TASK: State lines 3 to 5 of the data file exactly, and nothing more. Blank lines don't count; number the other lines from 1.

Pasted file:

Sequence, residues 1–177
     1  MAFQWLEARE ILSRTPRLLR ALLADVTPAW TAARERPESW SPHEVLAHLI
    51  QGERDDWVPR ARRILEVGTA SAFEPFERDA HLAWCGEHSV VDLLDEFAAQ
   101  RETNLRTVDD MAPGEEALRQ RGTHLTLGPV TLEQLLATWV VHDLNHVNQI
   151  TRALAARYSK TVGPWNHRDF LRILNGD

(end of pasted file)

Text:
    51  QGERDDWVPR ARRILEVGTA SAFEPFERDA HLAWCGEHSV VDLLDEFAAQ
   101  RETNLRTVDD MAPGEEALRQ RGTHLTLGPV TLEQLLATWV VHDLNHVNQI
   151  TRALAARYSK TVGPWNHRDF LRILNGD